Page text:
Esav, and "ro'im shiv'a" [seven shepherds] refers to a pasuk from Micah
5, "hakimonu alav shiv'a ro'im" [place us upon him as seven shepherds].
So, I assume the verse must be speaking of the time of living without
difficulties from Esav, but I think I am missing something. What's the
"tzalmon" ["tzelem" is an "image"] about? And is Esav all non-Jews, or
is it referring to a particular group?

The Yaakov Emden "Siddur Beis Yaakov" had no commentary, but it had
a very different last line:

       "M'khe pesha ve'gam risha, hakem lanu ro'eh shiv'a."

Strange. Are we perhaps seeing the hand of the censor?

-- Itzhak "Jeff" Finger --


From: David Kaufmann  <david@...>
Date: Sat, 18 Dec 93 22:34:38 -0500
Subject: Re: Midrash, Apikorsim and Fools

The quote about midrash, apikorsim and fools has, I think, been
misapplied. I believe the statement was by the Kotzker Rebbe about the
Baal Shem Tov and went something like this:
"Anyone who believes that all the stories about the Baal Shem Tov
actually happened is a fool; but anyone who believes they couldn't
have happened is an apikores."

I will try to locate a more exact quote and a source.

David Kaufmann INTERNET:	<david@...>


From: Hayim Hendeles <hayim@...>
Date: Thu, 16 Dec 93 17:33:36 -0800
Subject: Re: Midrashim

Regarding the meaning of some of the more "unusual" Midrashim, in the
beginning of one the Art Scroll's, they mention the following story,
which is worth repeating.

Some years ago, in Russia, the Czar wished to censor the Midrashim
based on slanderous reports he had heard about it - especially some
of the "unusual" stories found in the Midrash.

One Rabbi was given the opportunity to defend the Midrash, and he told
the following to the Czar:

"You have the opportunity to wipe out all of Russian Jewry, if you
so chose. All you would have to do is sign your name on a royal
decree, and that would mean the end of Russian Jewry. 

A contemporary poet might write that with a "drop of ink, the Czar has
destroyed all the Russian Jews". And to an observer at the time, the
plain meaning of these words is quite obvious. However, imagine
1000 years down the road, somebody reading how a drop of ink killed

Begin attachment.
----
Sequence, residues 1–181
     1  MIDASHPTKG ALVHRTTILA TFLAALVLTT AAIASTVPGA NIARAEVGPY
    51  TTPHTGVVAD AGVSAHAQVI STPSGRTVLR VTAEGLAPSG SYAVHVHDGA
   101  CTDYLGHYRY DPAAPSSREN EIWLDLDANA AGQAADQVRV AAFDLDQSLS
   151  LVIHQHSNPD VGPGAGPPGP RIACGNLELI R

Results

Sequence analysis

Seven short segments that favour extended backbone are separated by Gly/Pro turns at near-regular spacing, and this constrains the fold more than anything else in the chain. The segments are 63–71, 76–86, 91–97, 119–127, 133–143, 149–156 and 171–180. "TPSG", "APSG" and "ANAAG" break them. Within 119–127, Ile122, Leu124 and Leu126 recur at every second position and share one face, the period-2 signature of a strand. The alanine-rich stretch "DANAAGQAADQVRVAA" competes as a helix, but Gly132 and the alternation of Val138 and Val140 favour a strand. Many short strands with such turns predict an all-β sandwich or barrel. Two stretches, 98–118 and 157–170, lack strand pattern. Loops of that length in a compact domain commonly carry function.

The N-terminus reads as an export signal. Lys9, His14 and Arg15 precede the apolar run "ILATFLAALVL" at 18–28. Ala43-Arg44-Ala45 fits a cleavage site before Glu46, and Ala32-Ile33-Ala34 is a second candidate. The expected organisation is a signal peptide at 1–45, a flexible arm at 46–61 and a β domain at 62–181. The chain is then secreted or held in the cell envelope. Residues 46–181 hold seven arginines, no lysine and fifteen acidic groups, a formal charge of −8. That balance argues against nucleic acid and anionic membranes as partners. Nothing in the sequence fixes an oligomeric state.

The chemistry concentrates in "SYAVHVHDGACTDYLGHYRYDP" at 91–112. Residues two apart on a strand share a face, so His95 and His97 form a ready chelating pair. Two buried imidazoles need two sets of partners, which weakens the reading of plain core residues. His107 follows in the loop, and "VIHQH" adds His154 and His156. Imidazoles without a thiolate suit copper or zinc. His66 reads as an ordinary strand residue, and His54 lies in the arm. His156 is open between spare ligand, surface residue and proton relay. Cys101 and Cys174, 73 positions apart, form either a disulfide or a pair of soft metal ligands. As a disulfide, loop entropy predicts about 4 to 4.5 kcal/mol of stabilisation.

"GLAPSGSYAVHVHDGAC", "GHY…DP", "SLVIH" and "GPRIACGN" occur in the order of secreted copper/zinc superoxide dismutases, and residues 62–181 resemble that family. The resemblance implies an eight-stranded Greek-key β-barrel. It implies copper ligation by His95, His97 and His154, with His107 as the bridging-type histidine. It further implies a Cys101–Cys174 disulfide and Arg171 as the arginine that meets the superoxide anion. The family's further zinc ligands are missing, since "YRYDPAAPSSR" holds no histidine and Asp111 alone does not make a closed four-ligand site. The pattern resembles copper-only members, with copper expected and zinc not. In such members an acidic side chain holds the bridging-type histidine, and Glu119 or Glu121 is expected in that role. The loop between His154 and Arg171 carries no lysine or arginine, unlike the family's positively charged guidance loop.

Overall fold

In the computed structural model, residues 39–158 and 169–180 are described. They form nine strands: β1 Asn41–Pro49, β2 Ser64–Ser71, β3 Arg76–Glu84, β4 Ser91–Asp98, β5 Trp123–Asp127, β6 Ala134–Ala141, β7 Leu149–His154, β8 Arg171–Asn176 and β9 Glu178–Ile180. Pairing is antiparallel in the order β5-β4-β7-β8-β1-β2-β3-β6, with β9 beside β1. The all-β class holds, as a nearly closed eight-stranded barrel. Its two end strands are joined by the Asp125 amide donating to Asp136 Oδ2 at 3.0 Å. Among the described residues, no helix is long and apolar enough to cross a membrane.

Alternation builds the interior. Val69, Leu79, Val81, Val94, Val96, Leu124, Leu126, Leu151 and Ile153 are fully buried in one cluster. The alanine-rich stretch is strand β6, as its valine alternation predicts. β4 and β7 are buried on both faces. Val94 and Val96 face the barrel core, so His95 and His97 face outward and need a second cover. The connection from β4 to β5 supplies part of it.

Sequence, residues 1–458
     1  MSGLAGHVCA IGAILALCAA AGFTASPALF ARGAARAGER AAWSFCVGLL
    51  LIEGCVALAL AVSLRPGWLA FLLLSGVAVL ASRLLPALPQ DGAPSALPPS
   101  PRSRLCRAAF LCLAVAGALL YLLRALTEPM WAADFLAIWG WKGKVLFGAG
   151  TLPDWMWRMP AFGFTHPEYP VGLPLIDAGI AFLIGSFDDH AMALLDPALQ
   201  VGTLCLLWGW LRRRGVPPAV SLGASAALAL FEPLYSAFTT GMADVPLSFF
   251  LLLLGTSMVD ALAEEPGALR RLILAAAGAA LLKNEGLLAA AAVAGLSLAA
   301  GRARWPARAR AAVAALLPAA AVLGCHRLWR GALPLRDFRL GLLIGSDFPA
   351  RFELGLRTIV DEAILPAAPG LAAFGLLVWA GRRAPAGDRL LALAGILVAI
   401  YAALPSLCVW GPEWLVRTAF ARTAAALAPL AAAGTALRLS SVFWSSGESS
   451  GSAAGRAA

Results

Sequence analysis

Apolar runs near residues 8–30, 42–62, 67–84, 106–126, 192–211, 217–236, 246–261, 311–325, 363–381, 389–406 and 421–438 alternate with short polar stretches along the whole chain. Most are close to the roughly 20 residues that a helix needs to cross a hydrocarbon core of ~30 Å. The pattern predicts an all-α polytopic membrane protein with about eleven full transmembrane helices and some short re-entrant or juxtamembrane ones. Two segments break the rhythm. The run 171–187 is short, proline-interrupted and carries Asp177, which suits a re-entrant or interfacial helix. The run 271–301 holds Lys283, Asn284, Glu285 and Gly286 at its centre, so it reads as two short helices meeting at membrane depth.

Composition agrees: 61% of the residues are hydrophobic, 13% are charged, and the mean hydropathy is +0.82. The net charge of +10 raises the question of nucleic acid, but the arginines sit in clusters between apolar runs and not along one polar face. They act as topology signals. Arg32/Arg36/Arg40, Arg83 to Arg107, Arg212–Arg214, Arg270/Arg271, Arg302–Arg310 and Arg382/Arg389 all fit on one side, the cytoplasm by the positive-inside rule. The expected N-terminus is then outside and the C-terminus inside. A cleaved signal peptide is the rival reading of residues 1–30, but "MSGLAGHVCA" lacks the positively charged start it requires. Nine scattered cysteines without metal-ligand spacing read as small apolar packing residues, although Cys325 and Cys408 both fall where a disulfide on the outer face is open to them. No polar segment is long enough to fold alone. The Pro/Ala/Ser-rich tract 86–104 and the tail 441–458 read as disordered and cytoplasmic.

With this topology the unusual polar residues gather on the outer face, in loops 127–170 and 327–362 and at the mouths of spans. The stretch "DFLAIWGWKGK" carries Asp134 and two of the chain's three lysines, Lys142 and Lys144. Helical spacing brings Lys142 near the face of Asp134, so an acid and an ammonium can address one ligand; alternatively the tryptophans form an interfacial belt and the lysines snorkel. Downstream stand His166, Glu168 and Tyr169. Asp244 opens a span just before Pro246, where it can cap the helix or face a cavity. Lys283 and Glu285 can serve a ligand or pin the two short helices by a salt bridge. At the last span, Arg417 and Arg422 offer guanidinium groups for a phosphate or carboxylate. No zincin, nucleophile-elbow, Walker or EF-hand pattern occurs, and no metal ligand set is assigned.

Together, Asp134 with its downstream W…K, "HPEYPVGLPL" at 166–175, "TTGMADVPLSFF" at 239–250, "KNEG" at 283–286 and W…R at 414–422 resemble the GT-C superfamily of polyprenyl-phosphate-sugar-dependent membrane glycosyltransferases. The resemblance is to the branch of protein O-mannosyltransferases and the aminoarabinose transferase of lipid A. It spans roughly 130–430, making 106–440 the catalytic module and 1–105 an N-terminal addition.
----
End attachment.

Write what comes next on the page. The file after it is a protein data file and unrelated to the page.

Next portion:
millions of people. To such an observer, these words would be meaningless,
and even ridiculous. "

And so it is with Midrashim. If we understood the language and the
background, the meaning of the Midrash would be quite clear. It is only
because we are so far removed from the authors, that we often do not
understand the plain meaning of these words.

Hayim Hendeles


From: <btanenb@...> (Robert J. Tanenbaum)
Date: Tue, 14 Dec 93 10:51:08 EST
Subject: Re: Pierced Ears

Warren Burstein asks, "How do we learn that men are prohibited from
piercing their ears even though women are permitted?"

The Torah give two prohibitions:
1. Women may not wear "beged ish" (men's clothing)
2. Men may not wear "simlat isha" (women's dress)

The Rabbis noticed the difference in language and stated that women are
only prohibited from wearing specifically male designated garments, but
men are prohibited from the entire female manner of adornment, not just
specific female garments.

The various halacha seforim apply this principle and prohibit men from
wearing ANY jewelry, preening in front of a mirror, and styling their
hair.  Since the observant community just barely tolerates a man wearing
a simple gold ring -- I think it is obvious that piercing an ear for
jewelry is only for women. If a man wanted to poke a hole in his ear for
nothing ?!  I'm sure the rabbis would discourage useless ear piercing,
too !!  :^)

Ezra Bob Tanenbaum	1016 Central Ave	Highland Park, NJ 08904
home: (908)819-7533	work: (212)450-5735
email: <btanenb@...>


From: Harry Weiss <73132.2266@...>
Date: 18 Dec 93 23:25:56 EST
Subject: Yeshivot

Despite what I have been reading in MJ, there are Yeshivot in the United
States which have outstanding program in both the Limudei Kodesh and
secular subjects.  These institutions are not limited to the New York
area or the East Coast.  My older son graduated from, and my younger son
is current a student of Valley Torah High School in North Hollywood,
California.  They provide an excellent Torah and secular education.  Our
Rabbi sends his son to the High School at Hebrew Theological College in
Skokie, IL and is also very satisfied.

I am sure that are many other MJers out there who are also very pleased
with the education their children are receiving.  Lets give our Yeshivot
the credit they deserve.



End of Volume 10 Issue 75